Art Spindle (Danny Huston), a powerful London-based art dealer, desperately wants to purchase the precious painting entitled Boogie Woogie from its elderly owners, Alfred (Christopher Lee) and Alfreda Lumley (Joanna Lumley). Another art dealer, Bob Maccelstone (Stellan Skarsgård) also wants the coveted painting. Bob happens to be cheating on his wife Jean (Gillian Anderson) with the manager of Art’s plush gallery, Beth (Heather Graham), who wants to open her very own art gallery with the help of Art. Further thickening the subplots, Jean has an affair with Beth’s boyfriend, Joe (Jack Huston), who’s also an artist. Even the Lumley’s secretary, Robert (Simon McBurney), has his own artwork. Rounding out the cast, there’s Elaine (Jaime Winstone), a video artist, and her emotionally unstable manager, Dewey (Alan Cumming) and, finally, Amanda Seyfriend as a sexy roller-skating young woman who starts working at Art’s gallery. Blink and you might miss the very brief appearance of the scene-stealing Charlotte Rampling. Writer/director Duncan Ward has woven a potpourri of interconnected stories with characters that suffer in different ways from the coldness and backstabbings that take place in the art world. Occasionally, the film does tend to meander and feel overstuffed as it gyrates back and forth from one subplot to another, but, as it progresses, attentive audience members will be able to sense recurring themes and to realize that they’re essentially getting a glimpse of the harsh, ugly realities of the art industry, especially for young, aspiring artists. Each of the characters could easily be explored more fully as the protagonist in a separate film. Danny Huston delivers a convincingly smarmy as the unlikable Art, but the truly raw and radiant performance here belongs to Gillian Anderson who looks sexier and more seductive than ever than she’s ever been before. One particularly interesting scene takes place during an art gallery opening when the parents of one of the women shown in a projected video claims that what their watching is pornography while their daughter claims that it’s art. Is it art because she says it is or does she say it’s art because it’s true? Joe’s cleverly designed works of art, which won’t be spoiled here, touch upon the concept of perspective which, when changed, changes the way the viewer sees his artwork. The same can be said for Boogie Woogie because, at first glance, it seems like a mere amalgamation of convoluted, chaotic snippets of lives from the art world, but the more you focus and absorb everything, including the peripheral characters, you suddenly see everything from a different perspective because it suddenly forms into somewhat of a cohesive whole with a purpose---after all, according to the Chaos Theory, order and structure can be found even within chaos. At a running time of 1 hour and 34 minutes, Boogie Woogie is overstuffed and occasionally meandering while boasting a terrific ensemble cast and a radiant, brave performance by Gillian Anderson. It’s an unflinchingly honest, provocative potpourri of the harsh realities of the art world. Number of times I checked my watch: 2 Released by IFC Films. Opens at the IFC Center.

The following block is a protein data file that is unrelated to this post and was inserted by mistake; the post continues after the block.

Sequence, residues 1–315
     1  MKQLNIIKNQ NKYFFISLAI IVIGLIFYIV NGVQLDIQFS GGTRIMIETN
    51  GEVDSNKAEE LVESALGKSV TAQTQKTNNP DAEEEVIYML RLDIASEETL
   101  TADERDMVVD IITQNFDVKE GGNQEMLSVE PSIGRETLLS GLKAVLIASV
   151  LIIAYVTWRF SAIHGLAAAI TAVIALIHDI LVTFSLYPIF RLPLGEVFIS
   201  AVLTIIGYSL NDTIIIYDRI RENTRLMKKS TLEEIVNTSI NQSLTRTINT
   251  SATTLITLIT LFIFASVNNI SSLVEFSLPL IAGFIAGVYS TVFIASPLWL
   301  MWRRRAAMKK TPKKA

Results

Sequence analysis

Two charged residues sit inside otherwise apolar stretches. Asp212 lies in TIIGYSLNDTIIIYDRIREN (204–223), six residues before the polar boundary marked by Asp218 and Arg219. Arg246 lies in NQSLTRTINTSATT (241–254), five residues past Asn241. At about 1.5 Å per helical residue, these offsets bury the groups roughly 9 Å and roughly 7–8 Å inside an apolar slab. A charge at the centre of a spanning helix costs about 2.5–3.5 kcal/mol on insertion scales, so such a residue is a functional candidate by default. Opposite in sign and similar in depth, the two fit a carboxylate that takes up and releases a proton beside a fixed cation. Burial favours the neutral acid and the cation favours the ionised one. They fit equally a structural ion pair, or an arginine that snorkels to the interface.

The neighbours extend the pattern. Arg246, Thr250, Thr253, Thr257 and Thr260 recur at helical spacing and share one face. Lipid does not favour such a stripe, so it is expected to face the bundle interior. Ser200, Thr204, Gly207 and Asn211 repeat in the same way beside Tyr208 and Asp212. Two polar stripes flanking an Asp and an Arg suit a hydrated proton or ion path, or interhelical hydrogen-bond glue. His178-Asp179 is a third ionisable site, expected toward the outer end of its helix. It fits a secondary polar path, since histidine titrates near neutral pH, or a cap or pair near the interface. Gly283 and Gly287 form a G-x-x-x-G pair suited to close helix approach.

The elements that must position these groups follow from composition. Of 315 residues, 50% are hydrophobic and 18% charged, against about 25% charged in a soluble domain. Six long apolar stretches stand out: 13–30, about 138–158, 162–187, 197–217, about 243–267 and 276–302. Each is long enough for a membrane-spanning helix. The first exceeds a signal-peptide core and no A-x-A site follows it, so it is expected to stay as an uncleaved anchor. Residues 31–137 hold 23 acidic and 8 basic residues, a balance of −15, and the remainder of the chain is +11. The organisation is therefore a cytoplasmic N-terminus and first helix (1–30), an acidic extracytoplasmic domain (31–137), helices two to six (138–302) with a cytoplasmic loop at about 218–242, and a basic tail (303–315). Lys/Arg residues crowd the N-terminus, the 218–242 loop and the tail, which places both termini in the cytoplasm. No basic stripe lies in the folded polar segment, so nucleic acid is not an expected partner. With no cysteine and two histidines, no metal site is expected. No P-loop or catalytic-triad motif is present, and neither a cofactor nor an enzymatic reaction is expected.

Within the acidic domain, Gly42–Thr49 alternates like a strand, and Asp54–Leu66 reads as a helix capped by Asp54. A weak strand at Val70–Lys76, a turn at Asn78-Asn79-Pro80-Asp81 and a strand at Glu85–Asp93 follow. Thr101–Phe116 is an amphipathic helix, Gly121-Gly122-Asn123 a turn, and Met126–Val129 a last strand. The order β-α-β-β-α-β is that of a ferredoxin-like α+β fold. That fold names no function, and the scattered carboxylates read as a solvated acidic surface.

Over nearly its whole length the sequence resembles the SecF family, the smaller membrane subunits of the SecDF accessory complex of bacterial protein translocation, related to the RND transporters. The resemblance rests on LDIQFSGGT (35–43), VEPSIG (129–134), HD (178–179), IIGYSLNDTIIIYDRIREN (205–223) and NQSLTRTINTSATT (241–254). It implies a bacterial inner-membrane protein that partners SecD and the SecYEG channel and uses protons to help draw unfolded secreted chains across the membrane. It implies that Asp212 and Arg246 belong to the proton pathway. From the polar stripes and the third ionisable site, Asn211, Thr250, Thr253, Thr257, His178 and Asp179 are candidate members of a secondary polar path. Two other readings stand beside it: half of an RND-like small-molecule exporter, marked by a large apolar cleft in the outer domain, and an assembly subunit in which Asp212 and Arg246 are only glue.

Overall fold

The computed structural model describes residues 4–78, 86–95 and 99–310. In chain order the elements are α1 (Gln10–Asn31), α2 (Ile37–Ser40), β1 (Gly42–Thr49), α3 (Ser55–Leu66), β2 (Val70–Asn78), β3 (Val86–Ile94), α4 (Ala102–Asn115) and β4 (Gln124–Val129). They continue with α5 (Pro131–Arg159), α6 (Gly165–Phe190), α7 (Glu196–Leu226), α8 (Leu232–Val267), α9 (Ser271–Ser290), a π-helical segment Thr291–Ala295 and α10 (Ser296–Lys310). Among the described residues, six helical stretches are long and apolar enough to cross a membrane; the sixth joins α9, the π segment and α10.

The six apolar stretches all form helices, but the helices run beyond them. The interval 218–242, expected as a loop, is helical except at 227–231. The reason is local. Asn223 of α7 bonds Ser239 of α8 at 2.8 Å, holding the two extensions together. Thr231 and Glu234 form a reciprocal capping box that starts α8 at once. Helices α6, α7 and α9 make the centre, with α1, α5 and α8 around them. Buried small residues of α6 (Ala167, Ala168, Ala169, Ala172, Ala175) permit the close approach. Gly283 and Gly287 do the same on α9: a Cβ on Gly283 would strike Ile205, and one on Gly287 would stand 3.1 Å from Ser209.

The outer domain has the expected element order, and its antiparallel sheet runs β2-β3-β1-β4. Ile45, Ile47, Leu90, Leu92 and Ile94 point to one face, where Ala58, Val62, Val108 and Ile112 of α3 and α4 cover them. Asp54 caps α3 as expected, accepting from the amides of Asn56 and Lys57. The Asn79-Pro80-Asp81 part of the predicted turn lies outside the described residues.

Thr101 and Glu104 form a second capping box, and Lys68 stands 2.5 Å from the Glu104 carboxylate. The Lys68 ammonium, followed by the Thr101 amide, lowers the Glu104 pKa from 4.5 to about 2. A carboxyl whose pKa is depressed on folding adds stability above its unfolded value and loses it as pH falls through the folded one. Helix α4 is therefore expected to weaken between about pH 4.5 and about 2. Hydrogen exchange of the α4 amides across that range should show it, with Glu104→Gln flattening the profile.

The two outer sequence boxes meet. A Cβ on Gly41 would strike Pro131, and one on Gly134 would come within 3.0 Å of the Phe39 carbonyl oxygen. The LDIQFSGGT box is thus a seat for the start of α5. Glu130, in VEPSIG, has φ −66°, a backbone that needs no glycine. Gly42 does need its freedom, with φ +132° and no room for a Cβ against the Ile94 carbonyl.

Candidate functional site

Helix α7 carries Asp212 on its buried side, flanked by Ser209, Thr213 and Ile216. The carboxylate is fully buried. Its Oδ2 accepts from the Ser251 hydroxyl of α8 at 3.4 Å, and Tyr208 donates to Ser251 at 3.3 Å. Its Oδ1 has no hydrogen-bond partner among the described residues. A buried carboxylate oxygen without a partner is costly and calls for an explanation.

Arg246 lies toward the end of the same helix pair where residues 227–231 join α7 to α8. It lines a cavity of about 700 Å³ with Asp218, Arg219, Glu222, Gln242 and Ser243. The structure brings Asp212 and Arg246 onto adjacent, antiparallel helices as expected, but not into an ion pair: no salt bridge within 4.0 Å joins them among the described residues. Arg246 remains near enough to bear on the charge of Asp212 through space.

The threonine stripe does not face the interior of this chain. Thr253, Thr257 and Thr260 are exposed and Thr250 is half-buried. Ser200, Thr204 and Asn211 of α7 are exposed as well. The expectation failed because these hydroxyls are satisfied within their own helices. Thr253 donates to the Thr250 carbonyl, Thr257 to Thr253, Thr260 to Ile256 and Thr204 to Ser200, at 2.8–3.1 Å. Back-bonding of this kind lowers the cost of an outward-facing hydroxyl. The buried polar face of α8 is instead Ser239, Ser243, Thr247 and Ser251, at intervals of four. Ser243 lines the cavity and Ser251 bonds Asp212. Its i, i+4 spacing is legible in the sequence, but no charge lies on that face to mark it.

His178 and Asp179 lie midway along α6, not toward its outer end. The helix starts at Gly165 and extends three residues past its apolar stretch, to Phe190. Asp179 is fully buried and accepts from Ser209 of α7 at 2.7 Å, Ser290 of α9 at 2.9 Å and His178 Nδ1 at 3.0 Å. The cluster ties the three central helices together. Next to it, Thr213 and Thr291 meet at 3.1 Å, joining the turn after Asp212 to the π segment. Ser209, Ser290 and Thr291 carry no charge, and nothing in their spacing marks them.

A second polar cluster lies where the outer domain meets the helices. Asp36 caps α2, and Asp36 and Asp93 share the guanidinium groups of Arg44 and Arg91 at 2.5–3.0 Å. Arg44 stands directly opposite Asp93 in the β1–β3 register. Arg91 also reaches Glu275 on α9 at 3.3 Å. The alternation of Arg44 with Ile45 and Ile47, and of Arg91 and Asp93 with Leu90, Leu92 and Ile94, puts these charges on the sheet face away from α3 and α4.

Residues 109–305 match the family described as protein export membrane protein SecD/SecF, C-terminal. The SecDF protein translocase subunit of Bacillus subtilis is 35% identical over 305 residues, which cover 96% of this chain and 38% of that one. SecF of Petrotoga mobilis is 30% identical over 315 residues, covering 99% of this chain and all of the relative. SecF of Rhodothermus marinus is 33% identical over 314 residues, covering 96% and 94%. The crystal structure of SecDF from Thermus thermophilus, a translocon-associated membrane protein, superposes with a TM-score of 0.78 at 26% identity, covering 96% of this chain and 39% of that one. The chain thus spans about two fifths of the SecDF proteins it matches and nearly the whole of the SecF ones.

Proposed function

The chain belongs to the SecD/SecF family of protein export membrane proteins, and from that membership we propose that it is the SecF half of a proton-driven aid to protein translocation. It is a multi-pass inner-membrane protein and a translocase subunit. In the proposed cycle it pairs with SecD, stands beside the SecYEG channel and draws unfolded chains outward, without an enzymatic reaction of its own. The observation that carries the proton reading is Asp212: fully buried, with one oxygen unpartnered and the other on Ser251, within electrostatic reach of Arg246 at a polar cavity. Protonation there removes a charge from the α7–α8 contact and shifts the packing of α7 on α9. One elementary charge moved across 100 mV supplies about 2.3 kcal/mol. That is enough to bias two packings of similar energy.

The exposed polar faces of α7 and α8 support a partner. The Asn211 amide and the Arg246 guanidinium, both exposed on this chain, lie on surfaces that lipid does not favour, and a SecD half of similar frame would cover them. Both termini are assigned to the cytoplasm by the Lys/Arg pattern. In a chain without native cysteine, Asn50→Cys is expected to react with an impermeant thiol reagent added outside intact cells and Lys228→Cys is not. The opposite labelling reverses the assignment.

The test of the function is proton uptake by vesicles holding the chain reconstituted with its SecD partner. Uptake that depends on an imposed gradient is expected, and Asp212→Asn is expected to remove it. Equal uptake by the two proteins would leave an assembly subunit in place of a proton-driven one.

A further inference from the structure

Breath Made Visible
Directed by Ruedi Gerber.